Visualnystagmography (VNG): Evaluating Dizziness
VNG is a test to evaluate the possible etiology of your dizziness. This test takes approximately one hour. You should schedule this evaluation on a day that you can have time to rest after the test as it does typically induce some fatigue. By having this evaluation completed, we can often determine potential causes of your symptoms and plan a course of treatment. Description of the test: During your VNG, you will be wearing a set of goggles containing infrared cameras that will be recording the movement of your eyes. During parts of the test, the goggles will be capped and you will be in the dark. The VNG is divided into three parts:
1. Ocular-Motor Evaluation: This part of the test evaluates your eye muscles and central nervous
system. You will be asked to follow a red light during different tasks over a period of 10-15 minutes. The light moves vertically and horizontally at variable speeds.
2. Positional Evaluation: This part of the test evaluates both your central nervous system and the
balance organs of your inner ear. You will be asked to sit, lie down, turn your head, and to lie on your side. Part of this test involves a rapid change in position from a sitting to lying down position and is modifiable if necessary due to back and or neck disorders. Most of this portion of the test takes place with the goggles capped and lasts approximately 10 minutes.
3. Caloric Evaluation: This part of the test evaluates the function of the balance organs of the inner
ear. During the test, you will be lying comfortably on your back while wearing the capped goggles. Cool and then warm air will be introduced into each ear canal for approximately 2 minutes at a time. This change in the temperature of the ear canal will induce some dizziness. After the two minutes are up, the cap will be removed from the goggles and you will be asked to stare at a point on the ceiling. During this fixation period, the dizziness will subside. You will be allowed to rest for approximately 3-5 minutes between each portion of the evaluation. It is important to remember that, while you may feel dizzy during the test, you should feel better by the time you leave. If you are concerned about the lasting effects of nausea, you are encouraged to bring a friend or family member with you to drive you home.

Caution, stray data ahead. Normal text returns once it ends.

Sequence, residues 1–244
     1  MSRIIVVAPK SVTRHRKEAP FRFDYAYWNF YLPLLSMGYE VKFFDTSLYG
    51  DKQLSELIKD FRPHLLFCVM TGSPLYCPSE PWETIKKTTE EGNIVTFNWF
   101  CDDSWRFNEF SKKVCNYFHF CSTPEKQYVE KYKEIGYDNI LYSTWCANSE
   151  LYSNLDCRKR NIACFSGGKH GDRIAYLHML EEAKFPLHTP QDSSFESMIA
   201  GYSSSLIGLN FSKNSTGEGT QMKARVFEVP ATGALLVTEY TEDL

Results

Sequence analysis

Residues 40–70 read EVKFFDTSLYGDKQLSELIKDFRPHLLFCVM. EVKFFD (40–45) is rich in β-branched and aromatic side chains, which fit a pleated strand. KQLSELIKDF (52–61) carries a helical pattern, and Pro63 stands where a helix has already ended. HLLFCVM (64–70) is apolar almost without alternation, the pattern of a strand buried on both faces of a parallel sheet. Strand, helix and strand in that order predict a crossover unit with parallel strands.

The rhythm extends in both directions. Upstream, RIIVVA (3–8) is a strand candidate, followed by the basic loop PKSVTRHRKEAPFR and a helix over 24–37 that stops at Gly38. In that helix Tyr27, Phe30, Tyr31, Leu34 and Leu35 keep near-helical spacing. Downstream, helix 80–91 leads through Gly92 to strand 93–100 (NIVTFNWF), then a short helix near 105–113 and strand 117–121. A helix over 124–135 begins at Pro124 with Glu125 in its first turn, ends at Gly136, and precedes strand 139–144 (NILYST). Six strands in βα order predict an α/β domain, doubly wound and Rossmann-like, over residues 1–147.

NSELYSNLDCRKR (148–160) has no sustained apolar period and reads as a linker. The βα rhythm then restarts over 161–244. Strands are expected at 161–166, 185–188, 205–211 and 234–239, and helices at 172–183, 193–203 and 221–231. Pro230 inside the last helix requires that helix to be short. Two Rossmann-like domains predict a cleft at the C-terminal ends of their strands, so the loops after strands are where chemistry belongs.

Important things to remember:
1. No sedatives, tranquilizers, vestibular suppressants (including meclizine, Bonine and Antivert), or other
medications that make you sleepy for 48 hours prior to the test. Scolpamine patches must be discontinued 5 days prior to evaluation. Please call us if you are unsure about a medication.
2. No alcohol for 48 hours prior to the test. No Benedryl or PM medications (Tylenol/Advil PM) 3. No makeup, face lotion, or sunscreen on the face the day of the test (This includes all eye makeup). 4. Please wear comfortable clothing. 5. Avoid eating a heavy meal at least 2 hours prior to testing. This is to prevent nausea. 6. Please bring a case/solution if you wear contact lenses as they cannot be worn (or wear glasses). 7. A CO-PAY MAY BE CHARGED FOR DIAGNOSTIC TESTING IN ADDITION TO THE CO-PAY CHARGED FOR THE CONSULTATION WITH OUR DOCTORS. THIS VARIES BY INSURANCE PLAN. IF THERE IS A SECOND CO-PAY THIS WILL BE DUE ON THE DATE OF SERVICE. Common aftereffects of the test include: Headache, fatigue, minor earache, residual nausea and mild vertigo lasting a few hours. Other possible complications*: Tympanic membrane perforation, anxiety, spinal injury, persistent vertigo/ nausea, cardiac arrest *While these complications have been reported in the literature, please remember that these are very rare. _____________________________________
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